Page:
In November I switched to a new therapist and have spent months trying to understand my emotions. I had grief, trauma and anger to deal with. I felt strongly in tackling all of this and initially my therapy sessions were very hard and I felt drained after each session. I took all the advice I was given to take things slow, not lift heavy things for a while etc. I knew I had 1 chance at a good recovery so I was a good patient and followed doctor’s orders, incredibly frustrating as it was at the time. Now I am dealing with surgically induced menopause, it’s really hard. Headaches, feeling emotional and vulnerable, migraines, lack of sleep and the hot flashes. People make jokes about hot flashes, but they are awful. My consultant first tried northeristerone to control symptoms, and it did work however it caused terrible headaches, the second medication I tried caused nausea. I’m now trying HRT patches, which means more blood tests to monitor the oestrogen in my system.
The following weeks and months were incredibly hard; recovery from the surgery was slow and even today 7 ½ months later I still get tired easily. I still have a trapped nerve in my wound and still get pain. I have seen a pain specialist who tried a steroid injection. I have good days and bad days still. Although my story is mainly a tale of woe, I can confirm things are brighter, easier and constantly getting better. After almost 2 years I am finally starting to feel like myself again. I am starting to feel at peace with the world again. Cancer took my womb and my chance of having children but I didn’t want it ruin the rest of my life. 6 months ago, I wouldn’t have cared less. In fact I didn’t care if I didn’t wake up, but time is a healer. I have gradually got stronger and at peace with everything that has happened. In September 2015 when I was first unwell I had gone back to college to retrain as a florist, I managed to complete the first year, but had to postpone the second year. However in recent months I have started my own business. I have taken a few orders, I have a few weddings booked and recently I turned Mother’s day (a day I had been dreading) into a positive by advertising bouquets and jam jars filled with flowers for sale. I sold and delivered 37 items. I was so proud of myself.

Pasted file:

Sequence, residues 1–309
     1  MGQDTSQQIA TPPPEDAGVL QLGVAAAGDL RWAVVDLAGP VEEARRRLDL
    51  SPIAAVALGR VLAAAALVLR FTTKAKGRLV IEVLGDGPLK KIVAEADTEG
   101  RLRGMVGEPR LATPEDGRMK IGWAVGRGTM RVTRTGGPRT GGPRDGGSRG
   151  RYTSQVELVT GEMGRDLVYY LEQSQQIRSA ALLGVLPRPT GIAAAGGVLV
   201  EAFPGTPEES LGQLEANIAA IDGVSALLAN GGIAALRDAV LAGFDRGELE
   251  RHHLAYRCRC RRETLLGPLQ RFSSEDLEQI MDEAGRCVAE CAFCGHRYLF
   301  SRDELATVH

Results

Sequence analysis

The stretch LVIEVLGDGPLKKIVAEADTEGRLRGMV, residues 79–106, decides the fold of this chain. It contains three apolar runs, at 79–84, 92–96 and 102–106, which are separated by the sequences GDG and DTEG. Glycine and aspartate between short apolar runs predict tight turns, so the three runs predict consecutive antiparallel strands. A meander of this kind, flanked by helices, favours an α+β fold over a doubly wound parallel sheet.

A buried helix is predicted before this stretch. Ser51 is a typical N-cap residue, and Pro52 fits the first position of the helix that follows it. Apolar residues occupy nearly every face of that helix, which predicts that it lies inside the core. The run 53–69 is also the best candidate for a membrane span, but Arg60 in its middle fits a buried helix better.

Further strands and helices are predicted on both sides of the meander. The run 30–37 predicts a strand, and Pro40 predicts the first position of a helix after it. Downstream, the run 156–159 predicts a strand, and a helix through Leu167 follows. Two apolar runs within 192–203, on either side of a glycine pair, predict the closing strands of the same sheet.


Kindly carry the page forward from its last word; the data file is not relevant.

I am starting to see a future, it’s very different to what we had planned but I am so proud of myself for pulling myself out of such a black hole and starting to take positive steps. Finally, today I went clothes shopping. In the last 12 months the only item of clothing I bought was a dress for my Grandmas funeral, and I have lived in leggings but now I feel I want to wear colours again. I’m ready to wear a skirt or jeans.
I have turned a corner and every day I feel I can achieve and accomplish more and more."
If you would be willing to share your story then please get in touch using the contact form.